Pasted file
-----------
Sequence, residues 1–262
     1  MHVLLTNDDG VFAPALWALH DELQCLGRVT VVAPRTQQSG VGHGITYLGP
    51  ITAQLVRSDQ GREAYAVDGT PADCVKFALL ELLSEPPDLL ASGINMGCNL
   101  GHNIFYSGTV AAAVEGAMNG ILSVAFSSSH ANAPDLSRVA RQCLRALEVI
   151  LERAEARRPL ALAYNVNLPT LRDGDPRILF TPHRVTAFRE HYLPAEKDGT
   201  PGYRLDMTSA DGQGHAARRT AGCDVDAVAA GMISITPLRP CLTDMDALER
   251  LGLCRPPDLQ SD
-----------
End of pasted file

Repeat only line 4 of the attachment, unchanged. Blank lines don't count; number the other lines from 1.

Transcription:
   101  GHNIFYSGTV AAAVEGAMNG ILSVAFSSSH ANAPDLSRVA RQCLRALEVI